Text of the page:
• Dec
  • 13
  • 2011

Bash Tips and Tricks for the Software Developer

by Andrew Kandels

I work mostly in PHP and I do nearly all of my development out of vim and the command line. These are a few commands I often use that you might not know about. First, I'll assume you have some knowledge of working on the command line (OSX, Ubuntu, etc.). If not, look into it as there is a lot of utility youre missing out on.

De-dupe your Command History

Using the up arrow to scroll through your command history, duplicates can be annoying. Type ls 5 times and youll have to hit the arrow key 6 times to get to the previous real command. Theres really no advantage to that, and you can solve the problem by adding the following to your profile:

cat 'export HISTCONTROL=erasedups' >> ~/.profile
cat 'shopt -shistappend' >> ~/.profile

History Auto-Complete

Use CTRL-R to search your command history. For example, if the last command starting with mysql populated a test database but youve run some other commands since, type CTRL-R and start typing mysql - it will complete your text with the full most recent command. The up/down arrow keys scroll through all commands starting with mysql. If youre feeling lucky, use !mysql instead and it will execute the most recent command.

Last Argument Substitution

Use !$ anywhere in a command to insert the last argument of the last command.

cd /var/www/newpath
cp ../oldpath/some/random/important.file.php some/random/newimportant.file.php
svn add !$
svn ci -m \'Important important.file.php to project\' !$

Bash will replace !$ with some/random/newimportant.file.php in both cases, saving you the copy and paste. Also, if you check your command history, youll notice it stored the file name and not the !$ since this is replaced prior to running the command.

Use Screen

Long tasks like importing a database or running a large suite of unit tests get especially irritating if youre on a remote terminal. The screen command allows you to attach and detach to your shell so you can turn your laptop off and check back later or avoid costly network and power failures interrupting your jobs. There are a lot of options for screen; but you really only need to know 3 things to get started:

To start screen:
$ screen

To disconnect, just close your terminal. When you reconnect, find your recent screen:
$ screen -list
There is a screen on:
        23574.pts-0.apk (05/14/11 01:11:04)     (Attached)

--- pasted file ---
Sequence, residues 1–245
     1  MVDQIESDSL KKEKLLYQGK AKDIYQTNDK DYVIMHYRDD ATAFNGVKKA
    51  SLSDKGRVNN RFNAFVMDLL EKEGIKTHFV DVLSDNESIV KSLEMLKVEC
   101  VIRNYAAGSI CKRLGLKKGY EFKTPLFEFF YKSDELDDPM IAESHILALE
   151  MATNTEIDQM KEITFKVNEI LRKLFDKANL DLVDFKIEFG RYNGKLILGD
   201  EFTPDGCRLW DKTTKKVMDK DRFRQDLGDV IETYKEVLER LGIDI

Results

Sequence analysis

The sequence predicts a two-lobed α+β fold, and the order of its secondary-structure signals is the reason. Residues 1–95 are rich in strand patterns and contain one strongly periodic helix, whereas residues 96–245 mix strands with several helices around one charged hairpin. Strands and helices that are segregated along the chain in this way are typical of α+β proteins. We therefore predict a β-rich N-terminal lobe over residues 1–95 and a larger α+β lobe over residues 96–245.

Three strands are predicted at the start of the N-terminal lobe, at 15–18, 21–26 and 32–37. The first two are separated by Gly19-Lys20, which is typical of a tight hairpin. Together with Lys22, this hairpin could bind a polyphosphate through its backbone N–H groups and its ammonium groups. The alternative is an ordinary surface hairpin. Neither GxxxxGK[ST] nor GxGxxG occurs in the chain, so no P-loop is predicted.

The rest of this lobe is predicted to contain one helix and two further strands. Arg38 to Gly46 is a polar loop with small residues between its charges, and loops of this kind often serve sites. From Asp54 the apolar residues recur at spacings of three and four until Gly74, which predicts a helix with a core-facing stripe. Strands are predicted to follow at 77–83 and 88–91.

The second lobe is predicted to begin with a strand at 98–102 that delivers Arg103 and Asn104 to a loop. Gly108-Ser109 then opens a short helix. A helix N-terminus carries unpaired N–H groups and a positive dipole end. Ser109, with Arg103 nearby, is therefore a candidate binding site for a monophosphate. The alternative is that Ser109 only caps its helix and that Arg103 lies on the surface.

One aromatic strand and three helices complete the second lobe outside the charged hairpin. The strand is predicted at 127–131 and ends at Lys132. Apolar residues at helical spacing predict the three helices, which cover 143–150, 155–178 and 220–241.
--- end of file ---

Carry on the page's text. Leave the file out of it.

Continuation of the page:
1 Socket in /var/run/screen/S-andrew.

To reconnect to your screen, type:
$ screen -r 23574

Some other commands are CTRL-A c to create a new window, and CTRL-A “ to list and select from all open windows. Simply typing exit or CTRL-D in a screen window closes it. Only if its the last remaining window will it exit screen completely.

Watching Log Files for Changes

Often I find myself checking log files for errors or to debug connection issues. The tail command is great for quickly viewing the end of a file. Combine it with the -f flag, and tail will stay open and continuously watch and print new logs coming into the file in real time. Its also possible to combine this with grep to selectively show lines. For example, if you wanted to see all local traffic in your access log as it comes in:

$ tail -f /var/www/mydomain/logs/access.log | grep '127\.0\.0\.1'

View all Open Files by a Program

Dont know where Apache is logging your traffic? lsof is a handy command that shows all open files by program:

$ lsof -c apache | egrep '\.log$'
apache2  7251 www-data    2w   REG              202,1   226639 3705842 /var/log/apache2/error.log

* egrep is a grep shortcut with the -E flag on by default to interpret extended regular expressions.

View Trace Logs for System Calls

Programs like PHP and Apache have to execute hundreds (sometimes thousands) of system calls on each request to check for the existence of files (stat, lstat, etc.), open files, run external commands, invoke libraries, and so on. These system calls, along with their arguments and return values can be very helpful for debugging somewhat unclear problems like general slowness, segfaults or random crashes. Running strace on a simple PHP command shows you much of whats happening in the background:

$ strace php -r 'echo "Hello World.";'
execve('/usr/bin/php', ['php', '-r', 'echo \'Hello World.\';'], [/* 13 vars */]) = 0